File f = new File(args[0]); //file name will be entered by user at runtime
        System.out.println(f.exists()); //will print "true" if the file name given by user exists, false otherwise

        if(f.exists())
        {
             //executable code;
        }
    }
}
0

You can make it this way

import java.nio.file.Paths;

String file = "myfile.sss";
if(Paths.get(file).toFile().isFile()){
    //...do somethinh
}
-2

To check if a file exists, just import the java.io.* library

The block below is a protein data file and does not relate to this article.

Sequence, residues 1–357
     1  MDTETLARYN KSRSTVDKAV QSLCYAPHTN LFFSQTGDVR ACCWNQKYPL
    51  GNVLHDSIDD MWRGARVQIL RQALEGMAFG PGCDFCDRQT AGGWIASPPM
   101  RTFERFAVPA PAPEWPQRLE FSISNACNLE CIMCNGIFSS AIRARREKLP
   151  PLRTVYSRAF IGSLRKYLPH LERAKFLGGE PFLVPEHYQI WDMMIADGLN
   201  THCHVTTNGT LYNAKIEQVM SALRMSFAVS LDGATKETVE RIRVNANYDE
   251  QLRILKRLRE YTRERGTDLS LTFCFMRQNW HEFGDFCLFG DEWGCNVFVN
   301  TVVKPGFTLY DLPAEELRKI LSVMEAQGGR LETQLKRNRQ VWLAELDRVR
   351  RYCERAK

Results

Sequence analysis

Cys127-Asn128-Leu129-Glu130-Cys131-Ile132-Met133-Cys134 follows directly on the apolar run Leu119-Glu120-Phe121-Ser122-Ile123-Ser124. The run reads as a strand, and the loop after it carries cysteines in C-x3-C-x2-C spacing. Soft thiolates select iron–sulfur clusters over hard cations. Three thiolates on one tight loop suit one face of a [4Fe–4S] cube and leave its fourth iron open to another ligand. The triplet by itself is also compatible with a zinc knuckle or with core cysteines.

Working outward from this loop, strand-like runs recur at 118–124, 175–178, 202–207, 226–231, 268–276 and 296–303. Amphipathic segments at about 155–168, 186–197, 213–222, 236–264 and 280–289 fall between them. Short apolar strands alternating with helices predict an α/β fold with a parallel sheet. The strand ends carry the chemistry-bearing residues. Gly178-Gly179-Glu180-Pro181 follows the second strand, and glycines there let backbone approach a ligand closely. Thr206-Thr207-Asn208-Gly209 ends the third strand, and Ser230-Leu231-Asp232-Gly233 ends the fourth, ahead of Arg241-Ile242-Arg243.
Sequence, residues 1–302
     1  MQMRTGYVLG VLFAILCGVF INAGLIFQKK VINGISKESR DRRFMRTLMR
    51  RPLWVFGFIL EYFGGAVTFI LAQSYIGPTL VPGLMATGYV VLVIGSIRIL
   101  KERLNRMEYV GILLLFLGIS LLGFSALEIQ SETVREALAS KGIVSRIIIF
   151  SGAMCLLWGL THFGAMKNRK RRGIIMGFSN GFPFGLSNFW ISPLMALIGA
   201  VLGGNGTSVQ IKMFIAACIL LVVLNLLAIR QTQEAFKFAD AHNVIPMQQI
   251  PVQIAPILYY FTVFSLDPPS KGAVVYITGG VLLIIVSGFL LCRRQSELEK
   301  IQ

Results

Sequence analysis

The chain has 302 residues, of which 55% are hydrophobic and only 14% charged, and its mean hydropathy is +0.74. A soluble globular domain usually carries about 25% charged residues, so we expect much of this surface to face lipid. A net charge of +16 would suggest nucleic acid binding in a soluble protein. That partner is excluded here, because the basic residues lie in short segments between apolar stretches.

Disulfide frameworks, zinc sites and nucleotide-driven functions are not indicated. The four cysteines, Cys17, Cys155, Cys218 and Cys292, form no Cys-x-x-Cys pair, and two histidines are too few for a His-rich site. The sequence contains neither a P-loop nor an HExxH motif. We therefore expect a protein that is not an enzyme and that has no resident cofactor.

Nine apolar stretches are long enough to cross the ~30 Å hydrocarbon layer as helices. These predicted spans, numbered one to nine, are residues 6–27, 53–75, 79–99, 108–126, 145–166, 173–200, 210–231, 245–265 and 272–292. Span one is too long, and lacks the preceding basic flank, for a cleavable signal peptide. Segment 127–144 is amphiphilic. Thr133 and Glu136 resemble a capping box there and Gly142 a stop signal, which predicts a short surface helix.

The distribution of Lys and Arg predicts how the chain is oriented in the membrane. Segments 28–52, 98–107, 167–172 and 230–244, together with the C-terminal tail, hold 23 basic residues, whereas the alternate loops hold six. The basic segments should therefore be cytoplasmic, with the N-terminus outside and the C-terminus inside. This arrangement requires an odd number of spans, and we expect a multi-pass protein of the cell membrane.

File f = new File(“C:\\File Path”);

if(f.exists()){
        System.out.println(“Exists”);        //if file exists
}else{
        System.out.println(“Doesn't exist”);         //if file doesn't exist
}

Source: http://newsdivariotipo.altervista.org/java-come-controllare-se-un-file-esiste/

  • 2
    This adds nothing. What you say has been said in several answers. Please don't produce noise. – Broman Jun 21 '18 at 10:32

protected by Raman Sahasi Jan 2 at 12:57

Thank you for your interest in this question. Because it has attracted low-quality or spam answers that had to be removed, posting an answer now requires 10 reputation on this site (the association bonus does not count).

Would you like to answer one of these unanswered questions instead?

Not the answer you're looking for? Browse other questions tagged or ask your own question.